Howard Marks put it nicely when he said that, rather than worrying about share price volatility, 'The possibility of permanent loss is the risk I worry about... and every practical investor I know worries about.' So it might be obvious that you need to consider debt, when you think about how risky any given stock is, because too much debt can sink a company. Importantly, Amphenol Corporation (NYSE:APH) does carry debt. But should shareholders be worried about its use of debt?
Why Does Debt Bring Risk?
Debt assists a business until the business has trouble paying it off, either with new capital or with free cash flow. If things get really bad, the lenders can take control of the business. However, a more frequent (but still costly) occurrence is where a company must issue shares at bargain-basement prices, permanently diluting shareholders, just to shore up its balance sheet. Having said that, the most common situation is where a company manages its debt reasonably well - and to its own advantage. When we think about a company's use of debt, we first look at cash and debt together.
What Is Amphenol's Debt?
The image below, which you can click on for greater detail, shows that at June 2019 Amphenol had debt of US$3.97b, up from US$3.44b in one year. However, it also had US$997.3m in cash, and so its net debt is US$2.98b.
A Look At Amphenol's Liabilities
We can see from the most recent balance sheet that Amphenol had liabilities of US$2.05b falling due within a year, and liabilities of US$4.38b due beyond that. Offsetting these obligations, it had cash of US$997.3m as well as receivables valued at US$1.69b due within 12 months. So its liabilities outweigh the sum of its cash and (near-term) receivables by US$3.75b.
Since publicly traded Amphenol shares are worth a very impressive total of US$26.5b, it seems unlikely that this level of liabilities would be a major threat. But there are sufficient liabilities that we would certainly recommend shareholders continue to monitor the balance sheet, going forward.
We measure a company's debt load relative to its earnings power by looking at its net debt divided by its earnings before interest, tax, depreciation, and amortization (EBITDA) and by calculating how easily its earnings before interest and tax (EBIT) cover its interest expense (interest cover). This way, we consider both the absolute quantum of the debt, as well as the interest rates paid on it.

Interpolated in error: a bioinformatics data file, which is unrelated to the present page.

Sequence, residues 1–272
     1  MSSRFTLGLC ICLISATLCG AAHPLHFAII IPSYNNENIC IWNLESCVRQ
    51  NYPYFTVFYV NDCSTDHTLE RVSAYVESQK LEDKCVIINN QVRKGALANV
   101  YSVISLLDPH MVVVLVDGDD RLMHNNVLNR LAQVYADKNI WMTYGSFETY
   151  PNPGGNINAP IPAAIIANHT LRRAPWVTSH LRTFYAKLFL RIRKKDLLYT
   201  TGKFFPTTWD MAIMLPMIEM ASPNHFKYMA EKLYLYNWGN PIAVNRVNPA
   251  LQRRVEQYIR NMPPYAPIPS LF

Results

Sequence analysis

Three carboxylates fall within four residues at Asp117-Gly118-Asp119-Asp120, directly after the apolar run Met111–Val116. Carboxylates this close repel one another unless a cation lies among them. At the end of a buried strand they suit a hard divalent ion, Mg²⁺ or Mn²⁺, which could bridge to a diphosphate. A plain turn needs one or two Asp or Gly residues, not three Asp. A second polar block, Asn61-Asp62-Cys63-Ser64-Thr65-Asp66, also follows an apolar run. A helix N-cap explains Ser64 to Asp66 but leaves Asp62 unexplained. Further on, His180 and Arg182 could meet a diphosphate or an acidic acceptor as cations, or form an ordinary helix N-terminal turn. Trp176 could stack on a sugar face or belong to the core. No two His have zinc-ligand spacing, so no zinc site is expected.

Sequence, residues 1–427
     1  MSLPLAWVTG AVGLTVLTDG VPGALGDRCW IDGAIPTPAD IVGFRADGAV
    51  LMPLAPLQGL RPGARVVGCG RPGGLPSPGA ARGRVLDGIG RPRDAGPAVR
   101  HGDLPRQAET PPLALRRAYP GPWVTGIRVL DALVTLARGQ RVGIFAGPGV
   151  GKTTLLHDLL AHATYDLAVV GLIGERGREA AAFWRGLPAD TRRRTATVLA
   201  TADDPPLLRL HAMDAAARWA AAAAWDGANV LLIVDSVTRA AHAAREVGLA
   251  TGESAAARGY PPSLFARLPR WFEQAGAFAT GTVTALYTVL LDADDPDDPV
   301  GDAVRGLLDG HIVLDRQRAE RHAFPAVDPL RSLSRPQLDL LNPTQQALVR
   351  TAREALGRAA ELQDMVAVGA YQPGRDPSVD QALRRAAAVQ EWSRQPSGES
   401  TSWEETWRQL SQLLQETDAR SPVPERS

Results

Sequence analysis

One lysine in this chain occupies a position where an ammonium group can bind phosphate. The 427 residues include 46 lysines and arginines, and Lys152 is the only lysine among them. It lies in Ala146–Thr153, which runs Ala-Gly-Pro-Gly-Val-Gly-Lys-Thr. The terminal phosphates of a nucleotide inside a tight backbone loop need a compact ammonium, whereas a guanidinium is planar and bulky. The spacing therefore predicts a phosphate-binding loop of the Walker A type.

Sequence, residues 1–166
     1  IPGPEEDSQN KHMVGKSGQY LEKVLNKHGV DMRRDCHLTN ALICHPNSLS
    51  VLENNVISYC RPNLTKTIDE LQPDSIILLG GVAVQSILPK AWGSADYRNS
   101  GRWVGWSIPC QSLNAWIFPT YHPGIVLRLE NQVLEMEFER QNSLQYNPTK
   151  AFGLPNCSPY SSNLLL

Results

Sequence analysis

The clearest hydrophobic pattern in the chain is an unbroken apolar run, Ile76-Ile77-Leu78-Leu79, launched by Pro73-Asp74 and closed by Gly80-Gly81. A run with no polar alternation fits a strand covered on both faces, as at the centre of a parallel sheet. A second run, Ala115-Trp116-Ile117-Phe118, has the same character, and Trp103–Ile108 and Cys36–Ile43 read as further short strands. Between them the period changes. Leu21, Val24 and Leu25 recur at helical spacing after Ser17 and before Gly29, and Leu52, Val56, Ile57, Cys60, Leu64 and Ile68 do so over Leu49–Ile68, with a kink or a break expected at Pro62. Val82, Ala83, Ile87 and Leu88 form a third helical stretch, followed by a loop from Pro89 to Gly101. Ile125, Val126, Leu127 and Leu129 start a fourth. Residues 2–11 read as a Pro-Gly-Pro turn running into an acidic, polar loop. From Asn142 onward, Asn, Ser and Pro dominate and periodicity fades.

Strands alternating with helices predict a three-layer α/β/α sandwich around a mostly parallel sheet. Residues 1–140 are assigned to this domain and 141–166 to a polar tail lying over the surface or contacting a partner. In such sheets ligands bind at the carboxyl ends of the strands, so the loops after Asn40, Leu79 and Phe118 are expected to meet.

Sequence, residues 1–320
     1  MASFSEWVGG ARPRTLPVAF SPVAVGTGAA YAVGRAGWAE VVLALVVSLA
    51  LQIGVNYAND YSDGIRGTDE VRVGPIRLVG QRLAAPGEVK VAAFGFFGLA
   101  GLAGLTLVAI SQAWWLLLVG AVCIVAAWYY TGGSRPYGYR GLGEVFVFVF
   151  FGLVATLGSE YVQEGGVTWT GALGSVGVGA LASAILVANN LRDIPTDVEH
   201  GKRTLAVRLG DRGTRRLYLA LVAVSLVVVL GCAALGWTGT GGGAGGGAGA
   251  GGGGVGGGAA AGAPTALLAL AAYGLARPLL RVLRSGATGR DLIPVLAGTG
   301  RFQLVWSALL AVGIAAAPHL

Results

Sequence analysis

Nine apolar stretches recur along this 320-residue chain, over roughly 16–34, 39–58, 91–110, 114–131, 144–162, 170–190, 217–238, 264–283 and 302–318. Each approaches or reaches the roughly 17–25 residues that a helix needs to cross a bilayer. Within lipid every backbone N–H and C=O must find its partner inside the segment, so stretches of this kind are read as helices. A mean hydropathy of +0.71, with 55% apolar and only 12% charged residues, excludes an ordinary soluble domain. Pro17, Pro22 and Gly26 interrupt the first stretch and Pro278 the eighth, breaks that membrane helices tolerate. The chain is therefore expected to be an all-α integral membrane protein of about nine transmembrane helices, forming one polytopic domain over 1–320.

Amphenol's net debt is only 1.5 times its EBITDA. And its EBIT covers its interest expense a whopping 15.4 times over. So you could argue it is no more threatened by its debt than an elephant is by a mouse. If Amphenol can keep growing EBIT at last year's rate of 10% over the last year, then it will find its debt load easier to manage. There's no doubt that we learn most about debt from the balance sheet. But ultimately the future profitability of the business will decide if Amphenol can strengthen its balance sheet over time. So if you're focused on the future you can check out this free report showing analyst profit forecasts.
Finally, a company can only pay off debt with cold hard cash, not accounting profits. So we clearly need to look at whether that EBIT is leading to corresponding free cash flow. Over the most recent three years, Amphenol recorded free cash flow worth 61% of its EBIT, which is around normal, given free cash flow excludes interest and tax. This free cash flow puts the company in a good position to pay down debt, when appropriate.
The good news is that Amphenol's demonstrated ability to cover its interest expense with its EBIT delights us like a fluffy puppy does a toddler. And its conversion of EBIT to free cash flow is good too. Taking all this data into account, it seems to us that Amphenol takes a pretty sensible approach to debt. That means they are taking on a bit more risk, in the hope of boosting shareholder returns. We'd be motivated to research the stock further if we found out that Amphenol insiders have bought shares recently. If you would too, then you're in luck, since today we're sharing our list of reported insider transactions for free.
If you're interested in investing in businesses that can grow profits without the burden of debt, then check out this free list of growing businesses that have net cash on the balance sheet.
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If you spot an error that warrants correction, please contact the editor at firstname.lastname@example.org. This article by Simply Wall St is general in nature. It does not constitute a recommendation to buy or sell any stock, and does not take account of your objectives, or your financial situation. Simply Wall St has no position in the stocks mentioned. Thank you for reading.